Second, when measuring costs, there are two main financial considerations: the cost of migrating to open standards-based products versus the cost of accepting the status quo and the attendant lack of interoperability. Obviously, the number of records in electronic form is growing every day and therefore migration costs will grow as legacy issues compound. It is likely that migration to an ODF-based product will be substantially less costly than alternatives in the long run since purchasers will have many more cost-competitive alternatives available to them and greater freedom of action in their use of their technology.
As for training costs, I want to bring to your attention a recent study by Gartner, a leading global technology analysis and research company headquartered in New England. Conversion to a new product or migration to a new product upgrade may present some technical challenges, largely in the area of training. Gartner published that "Office 12," next year's update to Microsoft Office 2003, which will use a new XML-based Microsoft proprietary document format, will differ significantly from its current form. The report concludes that migration may be rough for some users and the IT departments that support them. We believe that moving to an ODF implementation would involve the same, if not less, technical complexity, training and compatibility challenges than migrating to Office 12.
Third, let me address freedom of action in terms of future access and control, both of which should not to be underestimated. The ODF standard is maintained by an open group ensuring that the specification can not be changed by the whim of a single vendor to its own advantage. This vendor neutrality also creates a shift in control from the seller of information technology to the users. Indeed, users can actively participate in the future development of the standard, contributing both their requirements and knowledge. Further, owners of the data and documents can control how they can use them. Open document formats provide governments with options that were not previously feasible. With unnecessary vendor control points removed and a level playing field created, technology and service procurers can now be far more flexible and responsive to changes in the economy, new technological advances and citizen needs. That is, ODF is good for procurement.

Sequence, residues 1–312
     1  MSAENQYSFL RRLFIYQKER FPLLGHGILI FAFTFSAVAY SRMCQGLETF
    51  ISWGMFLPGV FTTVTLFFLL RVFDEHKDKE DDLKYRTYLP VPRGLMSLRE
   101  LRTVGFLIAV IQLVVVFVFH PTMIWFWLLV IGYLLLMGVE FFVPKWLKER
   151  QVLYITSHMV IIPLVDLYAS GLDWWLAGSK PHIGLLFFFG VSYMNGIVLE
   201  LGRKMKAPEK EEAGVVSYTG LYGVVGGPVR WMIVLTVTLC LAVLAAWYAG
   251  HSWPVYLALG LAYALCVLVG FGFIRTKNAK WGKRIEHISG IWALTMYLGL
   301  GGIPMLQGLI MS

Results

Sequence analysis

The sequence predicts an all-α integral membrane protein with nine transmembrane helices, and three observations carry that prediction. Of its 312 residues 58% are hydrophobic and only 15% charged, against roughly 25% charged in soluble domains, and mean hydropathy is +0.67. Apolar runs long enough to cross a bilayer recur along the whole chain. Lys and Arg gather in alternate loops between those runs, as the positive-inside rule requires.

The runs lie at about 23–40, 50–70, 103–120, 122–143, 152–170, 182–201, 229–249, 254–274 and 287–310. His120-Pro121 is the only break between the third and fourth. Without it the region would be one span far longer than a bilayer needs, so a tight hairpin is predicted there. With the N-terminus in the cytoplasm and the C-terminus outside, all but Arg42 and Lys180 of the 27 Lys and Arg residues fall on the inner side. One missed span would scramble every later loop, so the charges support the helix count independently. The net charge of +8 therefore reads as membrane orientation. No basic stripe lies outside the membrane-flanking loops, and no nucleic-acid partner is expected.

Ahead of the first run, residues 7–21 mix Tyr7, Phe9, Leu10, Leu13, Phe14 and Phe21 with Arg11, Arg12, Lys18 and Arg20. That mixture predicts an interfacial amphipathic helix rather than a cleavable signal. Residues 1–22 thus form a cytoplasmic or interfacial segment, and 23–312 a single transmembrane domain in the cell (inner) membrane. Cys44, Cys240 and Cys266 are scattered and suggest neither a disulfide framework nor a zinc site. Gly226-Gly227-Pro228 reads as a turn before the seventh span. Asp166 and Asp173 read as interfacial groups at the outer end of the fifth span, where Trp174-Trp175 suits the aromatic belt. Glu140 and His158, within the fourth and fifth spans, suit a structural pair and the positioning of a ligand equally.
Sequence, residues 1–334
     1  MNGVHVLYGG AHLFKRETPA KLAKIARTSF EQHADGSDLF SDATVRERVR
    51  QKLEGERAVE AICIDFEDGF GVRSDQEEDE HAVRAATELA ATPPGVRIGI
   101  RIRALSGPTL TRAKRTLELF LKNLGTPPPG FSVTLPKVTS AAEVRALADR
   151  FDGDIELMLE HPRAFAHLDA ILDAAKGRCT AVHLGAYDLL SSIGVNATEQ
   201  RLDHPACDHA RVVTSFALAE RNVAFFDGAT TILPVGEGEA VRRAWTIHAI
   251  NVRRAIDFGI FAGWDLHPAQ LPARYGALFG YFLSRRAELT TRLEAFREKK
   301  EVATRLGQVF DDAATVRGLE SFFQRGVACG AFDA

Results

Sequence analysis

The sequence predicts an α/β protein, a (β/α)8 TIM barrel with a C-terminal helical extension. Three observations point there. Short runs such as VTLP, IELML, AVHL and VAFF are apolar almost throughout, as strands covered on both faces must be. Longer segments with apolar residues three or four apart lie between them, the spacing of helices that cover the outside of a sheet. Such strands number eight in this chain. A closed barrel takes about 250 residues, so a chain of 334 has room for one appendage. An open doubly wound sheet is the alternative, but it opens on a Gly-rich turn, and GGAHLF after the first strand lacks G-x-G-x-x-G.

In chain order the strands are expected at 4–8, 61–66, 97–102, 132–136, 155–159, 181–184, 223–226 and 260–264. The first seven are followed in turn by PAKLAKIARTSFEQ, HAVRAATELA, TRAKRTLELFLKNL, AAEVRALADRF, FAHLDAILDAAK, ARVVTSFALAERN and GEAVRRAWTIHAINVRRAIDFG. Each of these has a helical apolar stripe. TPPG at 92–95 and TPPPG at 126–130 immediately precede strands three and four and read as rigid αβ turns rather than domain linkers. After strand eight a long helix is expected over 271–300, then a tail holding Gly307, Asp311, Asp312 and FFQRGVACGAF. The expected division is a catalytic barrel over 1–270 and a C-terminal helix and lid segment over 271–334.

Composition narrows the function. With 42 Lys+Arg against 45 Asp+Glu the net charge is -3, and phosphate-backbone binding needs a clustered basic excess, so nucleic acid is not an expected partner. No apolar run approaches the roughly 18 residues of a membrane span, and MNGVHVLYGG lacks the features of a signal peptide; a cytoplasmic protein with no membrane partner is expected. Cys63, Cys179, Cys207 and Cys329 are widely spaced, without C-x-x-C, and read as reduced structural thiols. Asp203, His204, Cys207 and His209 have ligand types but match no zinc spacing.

It is critical to understand that this freedom of action is guaranteed by the openness of the standard and the community standards creation process. We define a document format as being open if it adheres to all four of the following elements. The definition aligns with that of many governments, including this Commonwealth CIO's office, and the Berkman Center at Harvard Law School's report on Open Ecosystems that had 13 nations participating in its definition. The elements of openness are:
With respect to the last element, careful attention needs to be paid to product and specification licenses. Some purported "open" specifications have limits in the licensing detail which preclude their use in open source applications based on the GNU General Public License. To understand the impact of this "detail," consider the fact that this GNU General Pubic License is the one used by roughly 69 percent of the 69,000 projects on sourceforge.net (the biggest repository in the world of open source projects) that use licenses approved by Open Source Initiative. What this means, for example, is that if the Commonwealth of Massachusetts relies on software covered by such a limited license, you will have lost the freedom to procure or create GPL-licensed open source software to use with your data, regardless of the cost and value of this software. That is, you will have limited your current and future options for using your own data and documents, and given control to a third party. What will be the cost of your thusly limiting your freedom?
Lastly, and most important in IBM's view, is the innovation, competition and economic opportunities that any open standard, and especially ODF, enables. The economics of an open, freely available and implementable specification enable any number of commercial and non-commercial entities to bring truly innovative functions to the market. These companies, large or small, can realistically pursue both marginal niches as well as mainstream areas of market opportunity. Because the standard provides a common foundation that many can build on, true innovation, differentiation, and competition can take place. This directly benefits users, including governments such as your own. The open, non-proprietary standard development process creates more potential to collaboratively innovate on future generations of the specification itself. Like we all saw with the development of the Internet and World Wide Web, numerous new industries and businesses of all sizes can spring up offering specialized or broad services and applications based on open standards. IBM believes that increased use of open standards will be good for Massachusetts' businesses, both the ones you have now and the ones that are still just sparks in the minds of your entrepreneurs.